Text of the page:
The government is generally supportive of foreign direct investment. The Foreign Investment Law (Decree 72/2018 of April 2018) modified the provisions of Decree 127/2004 stipulating that shareholder capital firms and companies operating in the petroleum sector must have Equatoguinean shareholders. The government requires that Equatoguinean partners hold at least 35 percent of share capital of foreign companies or companies created by foreigners in the hydrocarbons sector only. Equatoguinean partners must also account for one third of the representatives on the Board of Directors. Apart from the hydrocarbons sector, investments must not be part of public-private partnerships with a government entity. The Minister of Mines and Hydrocarbons generally approves any major deal in the hydrocarbons sector. Decisions regarding larger investment deals may rise to the presidential level. U.S. investors may reach out to the Equatoguinean Embassy in the United States for guidance regarding connection to the appropriate ministry for outreach efforts.
The Hydrocarbons Law and the National Content Regulation establish various requirements for international oil and gas companies that wish to operate in Equatorial Guinea. These include a minority partner stake for either the state oil company (GE Petrol) or the state gas company (Sonagas). In addition, there are national content requirements, many established in 2014 by the then-Ministry of Mines, Industry, and Energy, which apply to both producers and service companies, including that 70% of staff must be Equatoguinean, 50-100% of services (depending on category) must be procured from national company partners, and a percentage of the company’s revenue must be allocated to corporate social responsibility projects approved by the Ministry of Mines and Hydrocarbons (the Ministry was divided into two in 2017, including a separate Ministry of Industry and Energy). Ministerial Order 1/2020 (April 2020) established that companies can employ foreign laborers in the oil and gas sector for a maximum period of three years, though companies may apply for extensions in exceptional cases, with compliance overseen by the Ministry’s Director General of National Content. Minister of Mines Gabriel Mbaga Obiang Lima was quoted as saying, “With the release of this new order, the Ministry of Mines and Hydrocarbons intends to enhance the capacity of local service companies while guaranteeing the creation of local jobs for our trained and educated youth.” While Equatorial Guinea sought foreign direct investment in several of its capital-intensive energy and petrochemicals projects through its 2020 Year of Investment campaign, the country simultaneously prioritized the procurement of local goods and services and the stimulation of local jobs. The legislation follows the completion of capacity building and training programs, particularly at the gas and oil industry-supported National Technological Institute for Hydrocarbons in Mongomo. Given the generally low quality of education in the country, international companies complain about the difficulty of recruiting qualified locals.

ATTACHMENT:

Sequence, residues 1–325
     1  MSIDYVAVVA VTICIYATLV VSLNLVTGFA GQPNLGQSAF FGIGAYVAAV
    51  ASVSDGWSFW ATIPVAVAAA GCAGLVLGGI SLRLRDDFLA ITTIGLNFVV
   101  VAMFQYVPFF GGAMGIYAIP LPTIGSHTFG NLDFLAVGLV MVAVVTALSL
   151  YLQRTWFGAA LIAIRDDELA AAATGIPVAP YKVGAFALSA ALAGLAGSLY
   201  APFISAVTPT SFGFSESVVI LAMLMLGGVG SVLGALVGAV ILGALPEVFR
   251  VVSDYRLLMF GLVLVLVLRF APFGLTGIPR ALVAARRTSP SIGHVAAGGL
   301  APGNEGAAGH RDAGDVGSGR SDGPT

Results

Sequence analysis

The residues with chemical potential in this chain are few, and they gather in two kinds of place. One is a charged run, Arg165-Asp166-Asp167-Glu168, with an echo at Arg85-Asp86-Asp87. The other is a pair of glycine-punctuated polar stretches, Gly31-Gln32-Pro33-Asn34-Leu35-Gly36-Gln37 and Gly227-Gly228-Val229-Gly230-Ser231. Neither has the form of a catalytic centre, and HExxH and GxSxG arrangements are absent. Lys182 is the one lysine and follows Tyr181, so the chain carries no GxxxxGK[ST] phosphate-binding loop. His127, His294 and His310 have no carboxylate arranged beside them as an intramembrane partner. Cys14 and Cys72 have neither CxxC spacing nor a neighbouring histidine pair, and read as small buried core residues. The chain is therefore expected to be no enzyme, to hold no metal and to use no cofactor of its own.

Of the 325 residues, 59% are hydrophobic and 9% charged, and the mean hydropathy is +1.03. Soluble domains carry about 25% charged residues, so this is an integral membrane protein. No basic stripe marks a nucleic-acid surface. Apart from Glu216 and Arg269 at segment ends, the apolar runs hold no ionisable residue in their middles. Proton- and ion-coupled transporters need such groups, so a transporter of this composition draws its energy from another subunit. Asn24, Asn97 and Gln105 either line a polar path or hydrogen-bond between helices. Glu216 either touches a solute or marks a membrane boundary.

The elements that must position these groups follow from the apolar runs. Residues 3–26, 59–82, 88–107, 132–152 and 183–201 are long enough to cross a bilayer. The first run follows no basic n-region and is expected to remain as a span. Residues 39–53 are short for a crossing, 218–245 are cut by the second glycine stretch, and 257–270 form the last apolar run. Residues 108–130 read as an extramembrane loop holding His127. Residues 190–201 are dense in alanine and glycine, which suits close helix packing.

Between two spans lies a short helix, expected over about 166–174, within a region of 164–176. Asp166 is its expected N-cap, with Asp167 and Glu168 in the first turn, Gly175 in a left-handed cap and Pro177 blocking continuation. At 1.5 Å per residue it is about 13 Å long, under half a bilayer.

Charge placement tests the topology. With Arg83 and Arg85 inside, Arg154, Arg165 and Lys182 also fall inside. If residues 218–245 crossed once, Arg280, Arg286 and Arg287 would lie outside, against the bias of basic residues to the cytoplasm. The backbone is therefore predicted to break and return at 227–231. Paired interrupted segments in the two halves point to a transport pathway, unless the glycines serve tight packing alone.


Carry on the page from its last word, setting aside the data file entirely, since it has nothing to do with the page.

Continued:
Equatorial Guinea belongs to the Organization for the Harmonization of Business Laws in Africa (OHADA) and falls under the OHADA Uniform Act on the law of commercial companies and economic interest groups of January 30, 2014.